Even the eggs were a luxury. Apparently chickens have only recently decided to lay eggs all year long (persuaded by better feed and warmer barns?). Her family preserved the last of the fall’s eggs expressly for the Christmas fruitcake. They kept them in a jelly she called water glass, which is sodium silicate. Storing the eggs for months was a considerable sacrifice for her family, as during the depression eggs were one of the few bartering items they had to trade for necessities like flour.

Living in the Canadian shield, spruce was the main wood for ovens and furnaces. Hardwood was comparatively rare, but a few chosen logs were set aside for the fruitcake, which needed to bake at low temperatures. They cherished this cake.

I decided to reconsider my position on fruitcake this year with a simple trial: a single loaf with glacé cherries, candied orange and lemon peel, and hazelnuts.

Glacé cherries

Glacé cherries“Glacé” is a confusing term because it can refer to ice cream, cake frosting, fruit candied in “hard crack” syrup, or simply fruit preserved in syrup. It’s that last definition that applies here. Most sources I consulted had a similar procedure for making glacé cherries:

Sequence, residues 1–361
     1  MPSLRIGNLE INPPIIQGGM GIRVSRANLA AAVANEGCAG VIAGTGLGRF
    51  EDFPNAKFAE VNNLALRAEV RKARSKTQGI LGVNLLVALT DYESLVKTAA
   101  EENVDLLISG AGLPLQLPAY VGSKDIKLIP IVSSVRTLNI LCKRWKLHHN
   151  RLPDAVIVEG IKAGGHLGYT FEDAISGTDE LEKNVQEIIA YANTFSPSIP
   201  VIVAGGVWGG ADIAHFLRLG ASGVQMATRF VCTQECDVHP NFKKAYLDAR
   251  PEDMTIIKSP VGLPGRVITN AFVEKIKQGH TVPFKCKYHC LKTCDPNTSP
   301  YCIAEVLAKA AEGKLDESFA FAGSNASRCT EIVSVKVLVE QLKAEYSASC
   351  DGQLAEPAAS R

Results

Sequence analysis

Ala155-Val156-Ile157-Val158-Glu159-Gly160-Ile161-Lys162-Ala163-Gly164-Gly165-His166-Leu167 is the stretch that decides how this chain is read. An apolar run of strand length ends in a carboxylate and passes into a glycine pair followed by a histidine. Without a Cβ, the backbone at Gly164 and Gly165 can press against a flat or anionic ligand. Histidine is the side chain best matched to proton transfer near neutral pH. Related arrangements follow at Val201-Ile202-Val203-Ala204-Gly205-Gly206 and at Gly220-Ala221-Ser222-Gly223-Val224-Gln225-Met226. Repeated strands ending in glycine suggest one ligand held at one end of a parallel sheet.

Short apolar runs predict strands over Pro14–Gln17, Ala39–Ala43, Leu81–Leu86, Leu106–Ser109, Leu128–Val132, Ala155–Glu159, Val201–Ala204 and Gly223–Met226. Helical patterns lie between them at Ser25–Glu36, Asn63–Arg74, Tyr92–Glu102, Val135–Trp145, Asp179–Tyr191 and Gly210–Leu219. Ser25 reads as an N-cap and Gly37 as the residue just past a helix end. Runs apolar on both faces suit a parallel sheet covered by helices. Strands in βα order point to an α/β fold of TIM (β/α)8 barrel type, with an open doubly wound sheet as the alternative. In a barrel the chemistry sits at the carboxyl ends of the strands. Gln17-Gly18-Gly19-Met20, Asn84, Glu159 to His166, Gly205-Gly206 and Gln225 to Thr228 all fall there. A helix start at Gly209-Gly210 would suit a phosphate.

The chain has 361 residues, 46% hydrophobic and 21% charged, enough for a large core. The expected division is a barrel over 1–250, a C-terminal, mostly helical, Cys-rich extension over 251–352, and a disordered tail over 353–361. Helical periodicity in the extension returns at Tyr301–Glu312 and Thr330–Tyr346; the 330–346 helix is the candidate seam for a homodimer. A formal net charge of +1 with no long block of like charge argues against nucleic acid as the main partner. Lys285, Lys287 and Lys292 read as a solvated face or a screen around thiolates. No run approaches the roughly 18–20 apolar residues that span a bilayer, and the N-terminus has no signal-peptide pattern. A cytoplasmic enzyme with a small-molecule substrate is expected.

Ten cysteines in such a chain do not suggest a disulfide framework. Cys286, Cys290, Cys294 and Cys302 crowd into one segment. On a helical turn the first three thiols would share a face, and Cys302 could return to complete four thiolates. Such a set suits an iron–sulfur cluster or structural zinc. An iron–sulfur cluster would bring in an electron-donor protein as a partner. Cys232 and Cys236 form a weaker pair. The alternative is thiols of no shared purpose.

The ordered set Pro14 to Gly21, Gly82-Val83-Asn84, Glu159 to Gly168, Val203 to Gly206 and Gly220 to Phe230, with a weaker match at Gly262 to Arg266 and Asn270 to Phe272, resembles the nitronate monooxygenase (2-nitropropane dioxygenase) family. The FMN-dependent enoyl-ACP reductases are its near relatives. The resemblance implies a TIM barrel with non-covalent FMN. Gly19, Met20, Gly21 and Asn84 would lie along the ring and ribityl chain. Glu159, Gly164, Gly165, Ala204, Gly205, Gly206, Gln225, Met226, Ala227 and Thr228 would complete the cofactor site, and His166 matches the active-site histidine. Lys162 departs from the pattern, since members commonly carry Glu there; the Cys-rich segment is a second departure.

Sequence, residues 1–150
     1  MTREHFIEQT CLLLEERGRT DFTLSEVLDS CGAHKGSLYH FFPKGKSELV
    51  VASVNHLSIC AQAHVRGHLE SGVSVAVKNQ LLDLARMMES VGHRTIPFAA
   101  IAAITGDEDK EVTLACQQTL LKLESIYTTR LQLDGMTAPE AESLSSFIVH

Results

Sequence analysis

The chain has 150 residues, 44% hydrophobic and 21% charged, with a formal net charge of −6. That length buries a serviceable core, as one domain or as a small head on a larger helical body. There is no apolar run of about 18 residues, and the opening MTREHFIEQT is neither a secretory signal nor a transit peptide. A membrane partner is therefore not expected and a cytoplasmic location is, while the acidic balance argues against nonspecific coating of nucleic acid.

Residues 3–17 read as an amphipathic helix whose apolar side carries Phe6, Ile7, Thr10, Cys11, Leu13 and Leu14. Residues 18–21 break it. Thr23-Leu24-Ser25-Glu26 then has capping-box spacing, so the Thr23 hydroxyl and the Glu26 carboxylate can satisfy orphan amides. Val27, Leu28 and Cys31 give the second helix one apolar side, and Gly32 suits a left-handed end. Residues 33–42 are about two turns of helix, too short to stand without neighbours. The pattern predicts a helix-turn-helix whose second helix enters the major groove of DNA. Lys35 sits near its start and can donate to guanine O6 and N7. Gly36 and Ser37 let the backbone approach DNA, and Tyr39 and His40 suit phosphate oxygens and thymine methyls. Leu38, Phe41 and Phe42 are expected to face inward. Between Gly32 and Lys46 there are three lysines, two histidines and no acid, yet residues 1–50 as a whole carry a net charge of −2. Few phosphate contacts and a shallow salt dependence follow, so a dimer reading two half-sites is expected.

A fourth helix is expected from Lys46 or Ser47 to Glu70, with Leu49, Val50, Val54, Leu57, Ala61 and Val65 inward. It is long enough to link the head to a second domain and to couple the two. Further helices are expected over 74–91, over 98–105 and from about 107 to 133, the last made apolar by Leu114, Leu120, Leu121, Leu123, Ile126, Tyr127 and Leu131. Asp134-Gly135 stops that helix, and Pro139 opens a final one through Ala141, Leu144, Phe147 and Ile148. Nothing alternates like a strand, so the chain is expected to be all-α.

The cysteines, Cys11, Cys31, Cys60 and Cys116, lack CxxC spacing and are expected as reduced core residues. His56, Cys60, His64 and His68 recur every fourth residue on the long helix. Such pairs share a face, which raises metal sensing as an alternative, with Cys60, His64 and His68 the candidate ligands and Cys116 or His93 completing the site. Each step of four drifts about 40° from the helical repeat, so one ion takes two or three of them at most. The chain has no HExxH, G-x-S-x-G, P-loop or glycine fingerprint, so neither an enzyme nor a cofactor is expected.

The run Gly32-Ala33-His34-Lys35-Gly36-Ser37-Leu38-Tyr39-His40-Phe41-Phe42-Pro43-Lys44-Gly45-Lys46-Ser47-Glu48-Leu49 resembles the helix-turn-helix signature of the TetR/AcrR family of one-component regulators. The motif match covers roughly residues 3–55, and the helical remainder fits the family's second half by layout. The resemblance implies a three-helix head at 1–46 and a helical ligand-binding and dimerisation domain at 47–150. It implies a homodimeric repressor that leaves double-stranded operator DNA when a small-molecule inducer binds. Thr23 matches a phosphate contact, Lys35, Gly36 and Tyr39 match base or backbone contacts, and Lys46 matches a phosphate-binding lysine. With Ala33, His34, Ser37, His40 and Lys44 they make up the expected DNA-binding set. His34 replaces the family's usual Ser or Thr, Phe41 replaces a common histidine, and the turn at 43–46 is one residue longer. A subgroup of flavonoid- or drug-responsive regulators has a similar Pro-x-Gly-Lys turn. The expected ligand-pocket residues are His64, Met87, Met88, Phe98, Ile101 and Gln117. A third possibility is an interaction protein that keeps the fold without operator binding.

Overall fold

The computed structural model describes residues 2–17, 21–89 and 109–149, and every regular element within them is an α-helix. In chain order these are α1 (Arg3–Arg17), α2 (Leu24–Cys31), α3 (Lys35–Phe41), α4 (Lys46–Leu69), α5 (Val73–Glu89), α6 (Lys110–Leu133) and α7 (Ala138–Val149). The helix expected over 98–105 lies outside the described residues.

Make a simple syrup of one part water and one part sugar.  Bring to a simmer, add pitted cherries, remove pot from heat, cover and let stand over night.  This is simply to infuse the syrup with cherry, and the cherries with syrup. The next day, remove the cherries and reduce the syrup until a candy thermometer reads 230F.  This gives a good thick-but-runny consistency.   Reintroduce the cherries, simmer briefly, then store in a sanitzed jar.

I used our local evans cherries instead of the BC bings.  They were so soft after the glacé process I worried they would be too delicate to fold into the dense pound cake batter.  While they definietly don’t hold their round shape like the bings, they managed to stay in one piece.  Their tartness is a welcomed addition to the cake.